How hard is nursing school? - Page 2Register Today!
- Dec 7, '11 by CrazierThanYouUp until this semester we've had a crap load of work and it was ALL self-taught outside of class. This semester has been crap like ethics, advocacy, and a lot of other junk we've already covered so this one has been easy. I haven't studied or done much of anything, really, except a bunch of busy work we're required to do but don't actually get a grade on...
It really hasn't been too hard so far. I still have time to do all the things I did before except for maybe high volume pleasure reading! No time for that, much.
This last semester is getting ready to begin and we've been told it will be the hardest one yet so we'll see!
The grade thing holds true though. I've always been an A student but all my grades in my nursing courses have been B's except for an A in pharm and possibly an A this semester. The B students have had C's and yes, the rest have flunked out already.
- Nov 16, '12 by gmhengric90I just apply for the Fall 2013 semester. If you don't mind, can you tell us what was your gpa when you apply ? I just want to know what are my chances of getting in.
- Nov 18, '12 by SkipsQuote from gmhengric90Sure. I had a 3.7.I just apply for the Fall 2013 semester. If you don't mind, can you tell us what was your gpa when you apply ? I just want to know what are my chances of getting in.
Nursing school hasn't been crazy hard. You do need to study, though. I have A's and B's. If I put more effort into making note cards and really studying, then I'd probably have more A's than I do now. I choose to have a life outside of college, since I am married and have a family. I really enjoy nursing school. It's definitely not the stress fest I thought it was going to be. It depends on the school. My poor husband was insanely stressed out when he went through nursing school (he was in a different school than me). I felt bad for him.
- Nov 18, '12 by tigerlogicI'm in a ABSN program and there seems little correlation between number of hours people study and grades or understanding. Some people work 20+hrs a week and take care of kids. Some people do nothing but study. If your job isn't in health care now, look into what it would take to get loans just in case. It's busy but how busy depends mostly on your style and on your program's expectation.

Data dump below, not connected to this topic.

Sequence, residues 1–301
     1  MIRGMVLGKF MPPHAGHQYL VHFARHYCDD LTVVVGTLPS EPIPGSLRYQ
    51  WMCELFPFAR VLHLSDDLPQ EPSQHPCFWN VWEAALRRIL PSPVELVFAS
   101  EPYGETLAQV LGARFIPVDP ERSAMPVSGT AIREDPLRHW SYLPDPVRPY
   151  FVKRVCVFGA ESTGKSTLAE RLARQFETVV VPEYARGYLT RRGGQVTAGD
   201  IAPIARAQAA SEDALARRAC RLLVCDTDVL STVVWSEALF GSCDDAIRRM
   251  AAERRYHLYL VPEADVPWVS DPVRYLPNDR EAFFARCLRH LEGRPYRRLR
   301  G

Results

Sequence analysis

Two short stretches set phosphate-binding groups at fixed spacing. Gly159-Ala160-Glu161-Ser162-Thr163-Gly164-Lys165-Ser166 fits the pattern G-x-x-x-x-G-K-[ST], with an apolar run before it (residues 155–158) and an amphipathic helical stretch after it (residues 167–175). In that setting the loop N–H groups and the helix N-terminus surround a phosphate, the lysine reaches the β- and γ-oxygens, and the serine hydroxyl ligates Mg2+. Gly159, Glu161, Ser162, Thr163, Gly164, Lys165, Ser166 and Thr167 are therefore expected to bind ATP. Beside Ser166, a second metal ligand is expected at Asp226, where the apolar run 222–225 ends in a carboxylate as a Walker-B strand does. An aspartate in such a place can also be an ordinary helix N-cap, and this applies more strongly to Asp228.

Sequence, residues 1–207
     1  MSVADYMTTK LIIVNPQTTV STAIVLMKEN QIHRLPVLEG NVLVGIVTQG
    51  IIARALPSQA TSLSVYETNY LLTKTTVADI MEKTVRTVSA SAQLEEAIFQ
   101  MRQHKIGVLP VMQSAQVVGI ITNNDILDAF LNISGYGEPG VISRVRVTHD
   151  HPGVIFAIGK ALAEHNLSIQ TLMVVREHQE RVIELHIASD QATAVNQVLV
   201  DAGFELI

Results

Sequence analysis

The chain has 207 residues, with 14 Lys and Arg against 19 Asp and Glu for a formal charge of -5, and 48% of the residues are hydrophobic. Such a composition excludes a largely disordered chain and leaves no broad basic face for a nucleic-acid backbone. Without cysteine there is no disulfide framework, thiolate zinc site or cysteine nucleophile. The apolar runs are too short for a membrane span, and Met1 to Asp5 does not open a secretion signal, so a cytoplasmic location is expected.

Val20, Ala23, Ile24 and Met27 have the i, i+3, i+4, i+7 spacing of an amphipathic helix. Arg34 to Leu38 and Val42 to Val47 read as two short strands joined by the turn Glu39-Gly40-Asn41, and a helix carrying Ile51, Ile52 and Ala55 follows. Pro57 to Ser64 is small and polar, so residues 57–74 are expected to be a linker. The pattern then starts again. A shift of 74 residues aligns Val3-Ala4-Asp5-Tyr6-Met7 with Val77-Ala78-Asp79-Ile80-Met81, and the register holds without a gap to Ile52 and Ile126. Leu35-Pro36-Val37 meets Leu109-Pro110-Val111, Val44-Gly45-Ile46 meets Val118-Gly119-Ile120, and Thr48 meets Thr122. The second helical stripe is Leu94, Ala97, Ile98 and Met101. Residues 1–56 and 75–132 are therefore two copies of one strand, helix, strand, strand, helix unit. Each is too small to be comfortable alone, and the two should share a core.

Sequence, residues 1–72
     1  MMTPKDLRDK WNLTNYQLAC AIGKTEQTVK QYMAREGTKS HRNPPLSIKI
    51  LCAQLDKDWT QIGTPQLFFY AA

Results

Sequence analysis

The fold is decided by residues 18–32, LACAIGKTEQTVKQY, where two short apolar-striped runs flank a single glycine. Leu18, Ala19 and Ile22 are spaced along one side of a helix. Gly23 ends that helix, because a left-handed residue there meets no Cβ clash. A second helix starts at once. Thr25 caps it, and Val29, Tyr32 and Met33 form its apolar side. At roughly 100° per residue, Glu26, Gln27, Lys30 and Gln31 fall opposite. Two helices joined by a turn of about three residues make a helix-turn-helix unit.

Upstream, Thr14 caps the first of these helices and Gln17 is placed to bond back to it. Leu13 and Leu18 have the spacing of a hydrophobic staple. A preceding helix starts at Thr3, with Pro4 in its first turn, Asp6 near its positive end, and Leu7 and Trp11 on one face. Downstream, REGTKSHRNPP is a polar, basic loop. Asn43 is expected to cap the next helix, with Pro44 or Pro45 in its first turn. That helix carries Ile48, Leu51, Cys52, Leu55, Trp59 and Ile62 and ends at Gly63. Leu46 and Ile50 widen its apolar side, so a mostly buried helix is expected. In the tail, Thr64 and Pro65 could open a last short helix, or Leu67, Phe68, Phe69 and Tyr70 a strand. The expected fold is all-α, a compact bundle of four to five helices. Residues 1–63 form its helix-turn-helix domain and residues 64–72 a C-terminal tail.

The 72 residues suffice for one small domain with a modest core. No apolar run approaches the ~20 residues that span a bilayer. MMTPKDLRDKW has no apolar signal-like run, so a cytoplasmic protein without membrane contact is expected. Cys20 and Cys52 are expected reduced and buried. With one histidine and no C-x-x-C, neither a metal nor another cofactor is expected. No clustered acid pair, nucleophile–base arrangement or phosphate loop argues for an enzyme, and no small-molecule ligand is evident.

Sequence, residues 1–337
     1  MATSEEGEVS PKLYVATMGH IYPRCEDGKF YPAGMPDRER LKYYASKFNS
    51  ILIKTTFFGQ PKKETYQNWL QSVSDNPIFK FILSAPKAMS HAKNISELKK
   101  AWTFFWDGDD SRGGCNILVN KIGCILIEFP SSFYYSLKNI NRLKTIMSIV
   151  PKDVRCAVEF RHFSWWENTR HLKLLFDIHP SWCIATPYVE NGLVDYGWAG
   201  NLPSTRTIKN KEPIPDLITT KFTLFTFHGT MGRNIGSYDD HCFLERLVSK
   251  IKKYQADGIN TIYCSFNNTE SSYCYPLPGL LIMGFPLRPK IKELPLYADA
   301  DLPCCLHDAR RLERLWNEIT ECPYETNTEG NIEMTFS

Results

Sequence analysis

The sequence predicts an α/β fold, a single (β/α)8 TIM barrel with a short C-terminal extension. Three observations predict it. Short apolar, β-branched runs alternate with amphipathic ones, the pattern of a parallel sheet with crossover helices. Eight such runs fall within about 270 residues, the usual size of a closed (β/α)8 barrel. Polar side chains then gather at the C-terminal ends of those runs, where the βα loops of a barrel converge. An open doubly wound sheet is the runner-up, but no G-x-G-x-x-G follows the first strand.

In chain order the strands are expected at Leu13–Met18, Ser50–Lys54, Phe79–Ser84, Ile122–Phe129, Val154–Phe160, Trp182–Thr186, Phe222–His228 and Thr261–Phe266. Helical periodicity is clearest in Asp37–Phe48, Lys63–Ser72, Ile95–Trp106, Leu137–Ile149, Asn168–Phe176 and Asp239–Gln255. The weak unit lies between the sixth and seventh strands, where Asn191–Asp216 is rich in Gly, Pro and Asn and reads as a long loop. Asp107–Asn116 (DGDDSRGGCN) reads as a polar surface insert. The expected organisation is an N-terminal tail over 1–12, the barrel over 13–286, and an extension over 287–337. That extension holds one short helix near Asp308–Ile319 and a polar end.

And for the GPA question, most of us have above a 3.5 but I know many people with higher grades didn't get in. Essays and experience were more important. Depends on your program.Last edit by tigerlogic on Nov 18, '12 : Reason: GPA question
- Apr 16 by swedishorientI guess it really depends on the person. I personally don't find nursing school to be that difficult. Although I did bomb my first exam, but that was my first nursing test ever. After that I have been getting high Bs or As. You just need to know how to that nursing style tests. I usually don't study for my midterms until 2 days or 3 days before the test (not the best advise.) But I see some of my classmates suffer and having a very difficult time, yet spending more time on studying than I do.
I will say however, nursing school is very time consuming. You will be reading a lot, preparing for class more than you ever had with your "normal classes," you have to be diligent and most importantly you will need to manage your time well in order to succeed in nursing school.
- Apr 17 by MyOwnBlueSkyWhen I first started my journey in decided to pursue nursing, I found a lot of YouTube videos pertaining to this exact question.
- Apr 17 by akulahawkHow hard is nursing school? From a knowledge perspective, not all that hard. From a volume standpoint: it's like trying to sip from a firehose with it going straight into your face. Then you add in the application of what you're learning and that's where things get hard. I had an OK GPA throughout my undergrad career. Yes, I have a BS degree in Sports Med. It's helped a LOT with certain aspects of nursing school. My post-grad studies to prepare for nursing school has been a solid 4.0 and I'm currently holding a B average. That's about right for how the general trend goes. A students get B's and B students get C's... C students might pass...